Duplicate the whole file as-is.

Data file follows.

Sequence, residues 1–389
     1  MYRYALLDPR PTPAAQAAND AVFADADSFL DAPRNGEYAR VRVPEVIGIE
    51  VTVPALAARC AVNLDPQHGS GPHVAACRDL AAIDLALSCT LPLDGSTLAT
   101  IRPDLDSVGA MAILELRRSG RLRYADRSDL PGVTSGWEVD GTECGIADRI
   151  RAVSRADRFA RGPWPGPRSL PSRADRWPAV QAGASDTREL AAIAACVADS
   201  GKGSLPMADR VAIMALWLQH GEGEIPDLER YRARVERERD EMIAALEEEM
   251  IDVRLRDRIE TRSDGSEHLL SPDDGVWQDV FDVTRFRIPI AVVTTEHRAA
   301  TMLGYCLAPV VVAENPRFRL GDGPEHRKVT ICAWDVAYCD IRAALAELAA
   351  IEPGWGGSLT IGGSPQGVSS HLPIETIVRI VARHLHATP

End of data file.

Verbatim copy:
Sequence, residues 1–389
     1  MYRYALLDPR PTPAAQAAND AVFADADSFL DAPRNGEYAR VRVPEVIGIE
    51  VTVPALAARC AVNLDPQHGS GPHVAACRDL AAIDLALSCT LPLDGSTLAT
   101  IRPDLDSVGA MAILELRRSG RLRYADRSDL PGVTSGWEVD GTECGIADRI
   151  RAVSRADRFA RGPWPGPRSL PSRADRWPAV QAGASDTREL AAIAACVADS
   201  GKGSLPMADR VAIMALWLQH GEGEIPDLER YRARVERERD EMIAALEEEM
   251  IDVRLRDRIE TRSDGSEHLL SPDDGVWQDV FDVTRFRIPI AVVTTEHRAA
   301  TMLGYCLAPV VVAENPRFRL GDGPEHRKVT ICAWDVAYCD IRAALAELAA
   351  IEPGWGGSLT IGGSPQGVSS HLPIETIVRI VARHLHATP